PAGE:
In the killer's second police interview he finally confessed to Grace dying in his apartment before also telling police where he buried her body in the Waitākere Ranges.
Despite this, Justice Moore gave no credit for the admission.
"In my view you can claim little credit for showing the police where Miss Millane's body was buried. At the trial we heard that the police, through cellphone polling off your phone, were already close on your heels."
The judge also told the killer he had "tailored" his story to match not only what he already knew of the police investigation but also what he knew police would likely uncover.
"You insisted that Miss Millane's death was some terrible accident arising out of a casual, consensual, sexual encounter involving manual strangulation. You told the police that she was the initiator and that you were 'new to all that sort of stuff'," Justice Moore said.
"I accept that at some point you and Miss Millane must have discussed BDSM practices but any claim that this was somehow novel to you runs contrary to the evidence the jury heard from other women you had met on Tinder; women you told about your sexual preferences, including your liking for rough sex and possibly strangulation."
All the experts during the trial agreed bruising found on Grace's arms was consistent with physical restraint, Justice Moore said.
"Manual strangulation is a particularly intimate and intimidating form of physical violence. By definition Miss Millane was at but an arm's length from you. On your account she would have been facing you although I accept the room may have been darkened at the time."
There could, however, be no doubt about Grace's vulnerability, the judge said.
"She trusted you. Her messages to her friend reveal that she believed the lies you told her about yourself.
"You are a large and powerful man. She was diminutive ... You were in a position of total physical dominance."
The actions of the killer after he murdered Grace also showed a complete disregard for her and underscored a total lack of empathy, Justice Moore said.
"It must be relevant to a broader, contextual assessment of callousness, that you also contacted other women and went to a bar with one of them must also be relevant to this assessment."
The killer lied to those he wanted to impress by pretending he was a man of affluence and social standing, the judge said.
Detective Inspector Scott Beard, the police officer who oversaw the investigation, said no matter what the outcome was yesterday the Millane family "will forever have a life sentence".
He thanked the police staff who were "determined to bring justice for Grace".
Police Commissioner Mike Bush and Police Minister Stuart Nash also praised the officers and prosecutors.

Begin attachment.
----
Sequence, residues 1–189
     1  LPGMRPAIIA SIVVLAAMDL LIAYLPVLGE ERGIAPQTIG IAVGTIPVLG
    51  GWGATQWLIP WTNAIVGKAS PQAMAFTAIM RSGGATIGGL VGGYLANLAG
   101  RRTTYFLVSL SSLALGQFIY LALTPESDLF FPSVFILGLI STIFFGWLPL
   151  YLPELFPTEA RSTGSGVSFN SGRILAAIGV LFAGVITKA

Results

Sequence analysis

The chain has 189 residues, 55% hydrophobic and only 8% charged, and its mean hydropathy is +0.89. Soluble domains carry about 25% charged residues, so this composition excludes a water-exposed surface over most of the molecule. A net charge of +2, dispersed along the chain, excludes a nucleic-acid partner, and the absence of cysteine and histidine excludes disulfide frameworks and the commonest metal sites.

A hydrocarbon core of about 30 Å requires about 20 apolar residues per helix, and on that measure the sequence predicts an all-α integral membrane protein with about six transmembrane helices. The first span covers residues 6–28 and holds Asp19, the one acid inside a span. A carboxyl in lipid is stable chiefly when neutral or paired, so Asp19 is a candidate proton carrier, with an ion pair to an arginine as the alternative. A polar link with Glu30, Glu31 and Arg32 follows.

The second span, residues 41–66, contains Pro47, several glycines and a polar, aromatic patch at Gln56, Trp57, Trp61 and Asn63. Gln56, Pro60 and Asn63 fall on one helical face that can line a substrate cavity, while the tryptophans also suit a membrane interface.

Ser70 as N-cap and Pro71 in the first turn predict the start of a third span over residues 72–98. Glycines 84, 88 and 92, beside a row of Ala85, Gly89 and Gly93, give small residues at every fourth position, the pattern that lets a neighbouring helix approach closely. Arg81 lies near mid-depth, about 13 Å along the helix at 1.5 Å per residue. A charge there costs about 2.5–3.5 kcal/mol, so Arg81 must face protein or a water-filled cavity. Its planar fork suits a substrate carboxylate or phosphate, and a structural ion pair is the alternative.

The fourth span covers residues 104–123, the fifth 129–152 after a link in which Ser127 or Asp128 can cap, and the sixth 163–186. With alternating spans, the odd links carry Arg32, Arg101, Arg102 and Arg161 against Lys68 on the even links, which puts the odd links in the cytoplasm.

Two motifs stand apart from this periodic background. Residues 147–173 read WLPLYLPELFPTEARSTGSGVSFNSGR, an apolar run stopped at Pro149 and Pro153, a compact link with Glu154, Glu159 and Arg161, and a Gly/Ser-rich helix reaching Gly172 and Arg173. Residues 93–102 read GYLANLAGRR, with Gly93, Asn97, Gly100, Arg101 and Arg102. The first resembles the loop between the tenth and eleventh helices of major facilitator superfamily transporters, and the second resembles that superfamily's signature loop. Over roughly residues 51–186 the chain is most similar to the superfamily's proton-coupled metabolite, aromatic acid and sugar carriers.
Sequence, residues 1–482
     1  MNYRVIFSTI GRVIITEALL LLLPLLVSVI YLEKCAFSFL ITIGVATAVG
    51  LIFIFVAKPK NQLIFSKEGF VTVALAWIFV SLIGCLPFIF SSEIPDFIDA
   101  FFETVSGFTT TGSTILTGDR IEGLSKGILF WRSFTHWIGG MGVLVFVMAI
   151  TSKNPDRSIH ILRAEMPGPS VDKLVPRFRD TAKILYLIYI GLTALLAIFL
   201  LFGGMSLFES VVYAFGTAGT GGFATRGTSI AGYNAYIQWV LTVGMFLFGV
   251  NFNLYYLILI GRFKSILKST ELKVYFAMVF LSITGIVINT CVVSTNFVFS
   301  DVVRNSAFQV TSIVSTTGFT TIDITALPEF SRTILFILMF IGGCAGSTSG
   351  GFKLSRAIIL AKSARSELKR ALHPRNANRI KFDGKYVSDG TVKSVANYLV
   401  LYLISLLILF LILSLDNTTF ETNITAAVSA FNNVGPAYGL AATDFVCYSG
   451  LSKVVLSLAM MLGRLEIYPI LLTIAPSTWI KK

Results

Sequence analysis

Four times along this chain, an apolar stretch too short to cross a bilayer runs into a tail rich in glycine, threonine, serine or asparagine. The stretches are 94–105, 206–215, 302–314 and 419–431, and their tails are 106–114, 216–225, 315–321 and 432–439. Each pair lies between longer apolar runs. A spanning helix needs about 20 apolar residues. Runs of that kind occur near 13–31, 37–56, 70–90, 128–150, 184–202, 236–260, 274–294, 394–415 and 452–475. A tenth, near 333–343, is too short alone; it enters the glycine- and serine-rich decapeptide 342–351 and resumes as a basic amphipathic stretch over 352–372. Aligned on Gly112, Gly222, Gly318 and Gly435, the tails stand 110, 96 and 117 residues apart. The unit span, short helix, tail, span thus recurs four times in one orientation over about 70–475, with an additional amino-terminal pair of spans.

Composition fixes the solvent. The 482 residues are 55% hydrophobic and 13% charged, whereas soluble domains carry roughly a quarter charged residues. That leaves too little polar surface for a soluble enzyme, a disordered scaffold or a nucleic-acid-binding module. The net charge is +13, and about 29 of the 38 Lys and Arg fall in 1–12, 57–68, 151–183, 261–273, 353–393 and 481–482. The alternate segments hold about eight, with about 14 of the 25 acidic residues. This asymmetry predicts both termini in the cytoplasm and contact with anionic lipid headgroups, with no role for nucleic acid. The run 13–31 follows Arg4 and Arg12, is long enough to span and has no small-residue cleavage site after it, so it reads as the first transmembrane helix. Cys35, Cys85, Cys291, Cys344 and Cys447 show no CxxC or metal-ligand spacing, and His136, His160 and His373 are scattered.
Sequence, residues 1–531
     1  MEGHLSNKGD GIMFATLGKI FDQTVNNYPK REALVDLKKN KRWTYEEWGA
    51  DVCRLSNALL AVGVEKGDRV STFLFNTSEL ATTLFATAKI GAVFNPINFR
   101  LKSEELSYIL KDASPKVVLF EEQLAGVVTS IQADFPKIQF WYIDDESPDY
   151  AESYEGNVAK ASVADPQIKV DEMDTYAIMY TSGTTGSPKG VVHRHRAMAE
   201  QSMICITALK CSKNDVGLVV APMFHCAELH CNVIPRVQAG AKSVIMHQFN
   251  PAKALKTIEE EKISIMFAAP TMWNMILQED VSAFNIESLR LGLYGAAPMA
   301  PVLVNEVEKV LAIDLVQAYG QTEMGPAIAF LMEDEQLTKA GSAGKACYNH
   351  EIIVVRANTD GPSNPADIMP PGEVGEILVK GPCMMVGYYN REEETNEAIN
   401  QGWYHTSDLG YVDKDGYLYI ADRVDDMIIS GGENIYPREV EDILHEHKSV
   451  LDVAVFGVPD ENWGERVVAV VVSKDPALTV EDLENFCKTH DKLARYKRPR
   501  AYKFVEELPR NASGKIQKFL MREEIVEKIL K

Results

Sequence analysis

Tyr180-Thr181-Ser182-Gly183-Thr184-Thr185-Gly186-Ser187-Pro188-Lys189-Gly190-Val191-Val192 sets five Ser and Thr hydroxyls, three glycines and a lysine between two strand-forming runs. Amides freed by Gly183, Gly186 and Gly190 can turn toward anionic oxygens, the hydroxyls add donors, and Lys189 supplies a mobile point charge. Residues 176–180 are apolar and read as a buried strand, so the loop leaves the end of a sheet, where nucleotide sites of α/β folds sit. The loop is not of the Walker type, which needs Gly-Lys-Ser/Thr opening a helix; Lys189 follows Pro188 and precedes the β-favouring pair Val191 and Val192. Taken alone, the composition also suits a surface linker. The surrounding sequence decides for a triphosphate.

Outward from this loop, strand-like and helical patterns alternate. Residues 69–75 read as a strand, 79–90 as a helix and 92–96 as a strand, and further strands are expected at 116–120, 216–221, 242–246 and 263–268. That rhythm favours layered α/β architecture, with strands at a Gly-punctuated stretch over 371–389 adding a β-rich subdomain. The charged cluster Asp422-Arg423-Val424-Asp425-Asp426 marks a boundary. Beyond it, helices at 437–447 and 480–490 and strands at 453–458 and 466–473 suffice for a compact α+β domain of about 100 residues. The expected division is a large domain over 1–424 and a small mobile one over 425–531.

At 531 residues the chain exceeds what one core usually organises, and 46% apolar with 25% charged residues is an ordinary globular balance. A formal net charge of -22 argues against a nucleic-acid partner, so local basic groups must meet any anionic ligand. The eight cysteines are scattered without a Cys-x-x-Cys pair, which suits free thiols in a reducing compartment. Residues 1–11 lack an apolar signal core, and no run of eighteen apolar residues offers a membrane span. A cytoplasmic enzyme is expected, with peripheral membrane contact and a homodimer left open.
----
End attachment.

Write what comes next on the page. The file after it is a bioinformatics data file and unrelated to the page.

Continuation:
The prosecution team spent some 760 hours working on the case up to December 31, 2019, according to information released to the Herald by Crown Law.
"They jury found him guilty, that's the bottom line. He can maintain his innocence but the jury found him guilty," Beard told journalists outside court.
The disappearance and murder of Grace had captured the world's attention and was a story which just got worse and worse, Beard said.
"It was probably like reading a novel," he said.
But Beard also struggled with the idea that strangling someone until they die was rough sex.
"If people are going to use that type of defence all it actually does is repeatedly re-victimises the victim and the victim's family. In this case the Millanes had to sit through a trial for a number of weeks and their daughter's background, rightly or wrongly, was out in the public.
"I don't believe rough sex should be a defence, [but] I understand why the defence would use it."
Beard said it was up to politicians to debate whether such a defence should be outlawed.
White Ribbon also said in a statement the "rough sex defence" was an international issue and there is increasing pressure on Western governments worldwide to ban it.
White Ribbon ambassador Mark Longley, whose daughter Emily was murdered by her boyfriend, said it was "great" Grace's killer would spend a long time behind bars.
"The death of Grace and the women after her must not be in vain. Violence against women, in any form, is wrong and it is up to us men to spread that message," he said.
Brookie, who led a defence team which included Ron Mansfield and Claire Farquhar, has been publicly criticised for using the rough sex defence.
He said yesterday several factors needed to be taken into account when sentencing his client, including that Grace and the murderer had consensual sex while highly intoxicated and engaged in BDSM.
After sentencing the killer, Justice Moore praised Brookie and said his defence was entirely proper and run in a "strong and competent fashion".
"It was your duty and the duty of those who also represented him to present the defence that you did," the judge said.
Justice Moore also reminded those in the courtroom that life imprisonment for the killer means exactly that - life behind bars.